Tanzanian authorities have said they will investigate fresh sex abuse claims against its peacekeepers in the Democratic Republic of Congo (DRC).
The UN peacekeeping mission in DRC said on Friday that it has received allegations of sexual abuse against Tanzanian peacekeepers based in Congo’s northeast, the latest in a series of such accusations against UN forces. Hussein Mwinyi, the east African nation’s Minister for Defence and National Service, said the Tanzania People’s Defence Forces (TPDF) will investigate the latest allegations. “I have not yet received the latest claims against Tanzanian peacekeepers in DRC,” said Mwinyi, adding that TPDF will investigate the claims. The UN mission said in a statement that it received the allegations against members of its Force Intervention Brigade, tasked with offensive operations, in the village of Mavivi on March 23 and immediately launched an investigation.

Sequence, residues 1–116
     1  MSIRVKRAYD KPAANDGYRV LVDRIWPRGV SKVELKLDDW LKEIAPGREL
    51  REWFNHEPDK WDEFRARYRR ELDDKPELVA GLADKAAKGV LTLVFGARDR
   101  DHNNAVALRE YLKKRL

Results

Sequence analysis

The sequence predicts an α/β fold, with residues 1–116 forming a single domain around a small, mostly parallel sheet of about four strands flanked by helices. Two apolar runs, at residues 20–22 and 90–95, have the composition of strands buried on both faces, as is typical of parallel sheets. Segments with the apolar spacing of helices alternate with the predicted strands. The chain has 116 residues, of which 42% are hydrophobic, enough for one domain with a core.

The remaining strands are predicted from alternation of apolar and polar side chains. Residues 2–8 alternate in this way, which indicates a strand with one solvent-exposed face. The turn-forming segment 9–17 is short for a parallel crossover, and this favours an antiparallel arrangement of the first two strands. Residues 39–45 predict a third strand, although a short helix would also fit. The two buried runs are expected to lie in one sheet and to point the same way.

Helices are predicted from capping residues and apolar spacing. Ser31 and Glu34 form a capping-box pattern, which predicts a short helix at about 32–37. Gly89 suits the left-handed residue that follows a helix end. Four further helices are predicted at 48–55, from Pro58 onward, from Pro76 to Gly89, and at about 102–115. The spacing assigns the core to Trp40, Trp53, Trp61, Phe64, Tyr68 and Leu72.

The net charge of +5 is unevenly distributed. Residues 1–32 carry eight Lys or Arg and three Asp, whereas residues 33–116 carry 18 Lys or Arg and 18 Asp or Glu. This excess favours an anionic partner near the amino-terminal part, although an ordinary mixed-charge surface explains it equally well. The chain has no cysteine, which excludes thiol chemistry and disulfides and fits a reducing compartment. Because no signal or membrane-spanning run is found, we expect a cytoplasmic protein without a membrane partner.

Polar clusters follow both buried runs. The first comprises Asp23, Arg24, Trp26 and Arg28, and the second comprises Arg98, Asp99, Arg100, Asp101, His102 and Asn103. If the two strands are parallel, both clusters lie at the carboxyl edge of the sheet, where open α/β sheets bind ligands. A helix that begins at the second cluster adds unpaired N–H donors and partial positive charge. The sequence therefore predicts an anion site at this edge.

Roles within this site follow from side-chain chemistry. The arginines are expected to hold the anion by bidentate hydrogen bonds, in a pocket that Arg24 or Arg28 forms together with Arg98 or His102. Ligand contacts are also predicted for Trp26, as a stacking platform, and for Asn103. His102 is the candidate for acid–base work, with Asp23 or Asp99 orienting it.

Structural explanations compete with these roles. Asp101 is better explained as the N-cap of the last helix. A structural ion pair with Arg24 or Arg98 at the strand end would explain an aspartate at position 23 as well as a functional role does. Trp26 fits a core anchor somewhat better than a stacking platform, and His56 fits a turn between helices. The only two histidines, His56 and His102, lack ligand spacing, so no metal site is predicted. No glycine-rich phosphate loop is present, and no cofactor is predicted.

The statement did not say how many cases of abuse had been alleged or provide any further details about the accusations. The peacekeeping missions have been beset by accusations of sexual abuse. The United Nations reported 99 such allegations against staff members across the UN. The UN said this week that it has expanded an investigation into new allegations of sexual abuse by foreign peacekeepers in Central African Republic. The UN is already under scrutiny over its recent handling of allegations of child sexual abuse by French soldiers and its own peacekeepers.
108 alleged victims, most of them minors. The UN peacekeeping mission in Congo, which was initially put in place during a civil war that took place in 1998-2003, is the world’s largest, with around 20,000 uniformed personnel. The Security Council renewed its mandate earlier this week for one year.